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Bond of the Week: Beware put options!

At first glance, the UK 5.5% 10th September 2012 Gilt looks to be a bargain for investors............

       
A quick glance at the UK Gilt yield curve shows a couple of bonds apparently yielding a little more than would be expected. This is due to an imbedded feature in the bond known as a “call”.  This feature gives the issuer, in this case the UK government, the option to redeem the bond early. An example of this is the UK Treasury 5.5% 10th September 2012, which can be redeemed early at the request of the Treasury*. The call is in September 2008, a short two years from now.
 
So does it matter if you get you money back early? Well, yes it does. When bonds are called by their issuers, they will be redeemed at par, or 100p in the pound plus any accrued interest owed. If the investor pays over par when he purchases the bond in the market, he will face an accelerated capital loss on his position, negatively impacting the overall return on the bond.
 
Let us take two scenarios for the UK Treasury 5.5% September 2012, assuming we purchase the bond at the current market price.
 
1)     We buy the bond at 100.60. Using a simple yield calculation, we will receive 100/100.6 times 5.5% ( the coupon) plus or minus the annualised capital gain/loss that is achieved between the purchase price and redemption. Thus, if the bond runs to its final maturity in September 2012, the yield will be:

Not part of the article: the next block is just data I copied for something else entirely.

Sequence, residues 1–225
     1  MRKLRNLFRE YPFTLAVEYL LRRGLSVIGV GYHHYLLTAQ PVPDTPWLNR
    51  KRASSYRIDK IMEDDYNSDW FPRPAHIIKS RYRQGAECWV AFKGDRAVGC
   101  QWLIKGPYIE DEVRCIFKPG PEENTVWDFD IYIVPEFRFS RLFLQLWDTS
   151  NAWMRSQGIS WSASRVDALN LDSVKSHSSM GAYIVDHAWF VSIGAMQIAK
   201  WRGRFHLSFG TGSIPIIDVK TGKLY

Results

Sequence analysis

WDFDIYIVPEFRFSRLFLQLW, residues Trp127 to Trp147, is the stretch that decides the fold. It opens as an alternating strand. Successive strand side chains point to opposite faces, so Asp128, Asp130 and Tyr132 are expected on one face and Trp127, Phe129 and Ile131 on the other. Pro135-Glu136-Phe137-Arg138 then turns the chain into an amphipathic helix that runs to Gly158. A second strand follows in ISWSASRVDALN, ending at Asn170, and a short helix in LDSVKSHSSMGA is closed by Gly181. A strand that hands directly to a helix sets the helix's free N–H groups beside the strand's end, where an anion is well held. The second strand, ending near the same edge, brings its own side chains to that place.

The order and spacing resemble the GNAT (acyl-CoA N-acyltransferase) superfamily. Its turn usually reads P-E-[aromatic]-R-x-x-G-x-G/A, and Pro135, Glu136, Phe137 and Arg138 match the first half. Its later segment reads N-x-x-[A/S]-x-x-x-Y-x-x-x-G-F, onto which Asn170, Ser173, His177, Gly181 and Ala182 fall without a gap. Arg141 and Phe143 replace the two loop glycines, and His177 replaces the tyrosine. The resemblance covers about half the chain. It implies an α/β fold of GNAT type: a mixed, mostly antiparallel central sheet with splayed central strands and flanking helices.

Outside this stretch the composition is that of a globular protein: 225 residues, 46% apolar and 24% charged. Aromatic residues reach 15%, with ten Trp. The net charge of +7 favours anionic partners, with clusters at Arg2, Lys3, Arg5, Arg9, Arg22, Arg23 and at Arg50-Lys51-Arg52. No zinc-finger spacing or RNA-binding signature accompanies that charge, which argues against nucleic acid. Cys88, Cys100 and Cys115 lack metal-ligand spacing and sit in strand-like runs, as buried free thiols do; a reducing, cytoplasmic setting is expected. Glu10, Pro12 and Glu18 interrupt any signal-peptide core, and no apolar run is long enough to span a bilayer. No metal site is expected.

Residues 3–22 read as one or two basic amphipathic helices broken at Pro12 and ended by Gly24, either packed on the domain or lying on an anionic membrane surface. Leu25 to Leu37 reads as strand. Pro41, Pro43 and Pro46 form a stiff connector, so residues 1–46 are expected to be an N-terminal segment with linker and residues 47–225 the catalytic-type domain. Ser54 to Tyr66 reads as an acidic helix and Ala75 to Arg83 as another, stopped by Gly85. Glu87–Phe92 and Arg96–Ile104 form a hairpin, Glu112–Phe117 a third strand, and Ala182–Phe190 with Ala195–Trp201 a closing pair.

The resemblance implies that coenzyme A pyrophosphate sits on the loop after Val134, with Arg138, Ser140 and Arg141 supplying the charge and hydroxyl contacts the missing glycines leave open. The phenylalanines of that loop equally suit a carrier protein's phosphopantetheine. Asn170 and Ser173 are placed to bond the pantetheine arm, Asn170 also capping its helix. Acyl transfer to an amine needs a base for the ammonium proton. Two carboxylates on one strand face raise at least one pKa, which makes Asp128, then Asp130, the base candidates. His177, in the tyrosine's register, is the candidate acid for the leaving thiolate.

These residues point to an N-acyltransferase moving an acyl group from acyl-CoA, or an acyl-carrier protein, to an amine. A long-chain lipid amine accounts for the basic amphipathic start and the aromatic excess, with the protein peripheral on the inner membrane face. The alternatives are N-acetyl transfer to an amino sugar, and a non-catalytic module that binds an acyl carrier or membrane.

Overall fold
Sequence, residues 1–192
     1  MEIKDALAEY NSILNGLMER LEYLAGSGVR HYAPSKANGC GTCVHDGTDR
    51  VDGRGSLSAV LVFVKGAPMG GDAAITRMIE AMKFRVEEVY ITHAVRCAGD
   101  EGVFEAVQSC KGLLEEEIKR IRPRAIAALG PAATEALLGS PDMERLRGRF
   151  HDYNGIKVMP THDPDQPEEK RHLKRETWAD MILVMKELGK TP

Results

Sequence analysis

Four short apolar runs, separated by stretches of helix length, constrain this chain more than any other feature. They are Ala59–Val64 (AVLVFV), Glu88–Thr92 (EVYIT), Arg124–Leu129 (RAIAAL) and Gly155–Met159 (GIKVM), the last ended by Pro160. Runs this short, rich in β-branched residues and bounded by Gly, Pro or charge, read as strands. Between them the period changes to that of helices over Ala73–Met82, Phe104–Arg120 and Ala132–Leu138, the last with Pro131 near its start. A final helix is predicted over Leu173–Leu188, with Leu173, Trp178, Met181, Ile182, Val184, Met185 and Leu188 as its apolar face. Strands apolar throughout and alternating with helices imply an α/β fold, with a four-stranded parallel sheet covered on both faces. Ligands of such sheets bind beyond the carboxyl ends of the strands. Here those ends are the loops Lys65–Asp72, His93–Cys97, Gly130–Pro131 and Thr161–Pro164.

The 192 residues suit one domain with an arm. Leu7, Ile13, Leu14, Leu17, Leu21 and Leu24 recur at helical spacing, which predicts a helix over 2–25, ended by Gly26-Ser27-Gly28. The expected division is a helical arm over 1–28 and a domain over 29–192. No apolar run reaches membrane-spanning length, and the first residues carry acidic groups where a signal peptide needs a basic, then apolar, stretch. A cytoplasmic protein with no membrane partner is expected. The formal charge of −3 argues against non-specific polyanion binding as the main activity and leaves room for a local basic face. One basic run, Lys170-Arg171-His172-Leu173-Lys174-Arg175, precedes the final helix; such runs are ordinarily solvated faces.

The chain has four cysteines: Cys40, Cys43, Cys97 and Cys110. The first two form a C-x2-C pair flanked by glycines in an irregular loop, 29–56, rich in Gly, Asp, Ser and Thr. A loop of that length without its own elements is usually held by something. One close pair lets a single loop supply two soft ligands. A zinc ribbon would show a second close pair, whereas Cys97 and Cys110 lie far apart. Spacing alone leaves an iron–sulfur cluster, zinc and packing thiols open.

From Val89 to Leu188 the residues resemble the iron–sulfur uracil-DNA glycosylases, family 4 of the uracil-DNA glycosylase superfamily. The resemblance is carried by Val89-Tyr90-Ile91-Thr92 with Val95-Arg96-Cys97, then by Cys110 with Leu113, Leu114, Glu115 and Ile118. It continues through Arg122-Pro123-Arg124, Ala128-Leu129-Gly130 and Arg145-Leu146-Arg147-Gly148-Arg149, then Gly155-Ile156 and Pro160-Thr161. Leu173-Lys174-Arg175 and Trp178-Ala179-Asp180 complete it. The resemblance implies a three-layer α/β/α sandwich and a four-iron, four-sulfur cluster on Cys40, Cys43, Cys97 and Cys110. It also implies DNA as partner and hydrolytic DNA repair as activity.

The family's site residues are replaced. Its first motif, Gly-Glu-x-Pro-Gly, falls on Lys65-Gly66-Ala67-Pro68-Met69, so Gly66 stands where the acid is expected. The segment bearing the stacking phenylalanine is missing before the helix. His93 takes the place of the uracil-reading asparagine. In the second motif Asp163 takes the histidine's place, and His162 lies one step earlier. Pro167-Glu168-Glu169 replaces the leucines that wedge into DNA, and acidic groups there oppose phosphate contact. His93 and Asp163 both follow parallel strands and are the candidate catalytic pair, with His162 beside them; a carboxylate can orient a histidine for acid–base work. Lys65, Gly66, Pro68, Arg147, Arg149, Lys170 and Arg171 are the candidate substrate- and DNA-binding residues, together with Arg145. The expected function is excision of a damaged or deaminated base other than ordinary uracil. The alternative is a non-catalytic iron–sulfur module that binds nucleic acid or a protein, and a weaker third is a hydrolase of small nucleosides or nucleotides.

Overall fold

• 100/100.6 times 5.5% -(0.6% divided by 5.75 years) =  5.453%
 
2)     We buy the bond at 100.6 0. However, this time the bond is called in 2008, and not allowed to run its full life. In this scenario, we have to take our losses over a 21-month period, thus affecting the annualised return.
 
  • 100/100.6 times 5.5% - (0.6% divided by 1.75 years) =  5.12%
 
The prudent investor will always examine bonds for call features, and assume a “worst case scenario” when calculating the yield. This is the approach taken by the industry, which typically quotes a “yield to worst” when calculating the return on bonds with calls. On this basis, the UKT 5.5% September 2012 is still a fairly attractive proposition, but not quite as tempting as might first appear.
 
* Note, it is the issuer, not the the bondholder who has the option to "call" the bond.